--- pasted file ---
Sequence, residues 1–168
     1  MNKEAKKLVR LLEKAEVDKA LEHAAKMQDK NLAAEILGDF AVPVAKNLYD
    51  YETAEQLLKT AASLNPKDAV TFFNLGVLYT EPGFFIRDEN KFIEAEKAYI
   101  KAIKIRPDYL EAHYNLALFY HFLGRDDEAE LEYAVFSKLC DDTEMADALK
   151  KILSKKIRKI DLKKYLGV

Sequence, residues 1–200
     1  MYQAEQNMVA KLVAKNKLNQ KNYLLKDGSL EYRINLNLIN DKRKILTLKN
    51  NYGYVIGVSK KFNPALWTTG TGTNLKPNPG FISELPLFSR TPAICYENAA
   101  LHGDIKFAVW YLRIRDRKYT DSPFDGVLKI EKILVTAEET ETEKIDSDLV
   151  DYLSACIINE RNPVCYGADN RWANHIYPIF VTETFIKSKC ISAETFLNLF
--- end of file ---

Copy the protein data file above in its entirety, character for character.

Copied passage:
Sequence, residues 1–168
     1  MNKEAKKLVR LLEKAEVDKA LEHAAKMQDK NLAAEILGDF AVPVAKNLYD
    51  YETAEQLLKT AASLNPKDAV TFFNLGVLYT EPGFFIRDEN KFIEAEKAYI
   101  KAIKIRPDYL EAHYNLALFY HFLGRDDEAE LEYAVFSKLC DDTEMADALK
   151  KILSKKIRKI DLKKYLGV

Sequence, residues 1–200
     1  MYQAEQNMVA KLVAKNKLNQ KNYLLKDGSL EYRINLNLIN DKRKILTLKN
    51  NYGYVIGVSK KFNPALWTTG TGTNLKPNPG FISELPLFSR TPAICYENAA
   101  LHGDIKFAVW YLRIRDRKYT DSPFDGVLKI EKILVTAEET ETEKIDSDLV
   151  DYLSACIINE RNPVCYGADN RWANHIYPIF VTETFIKSKC ISAETFLNLF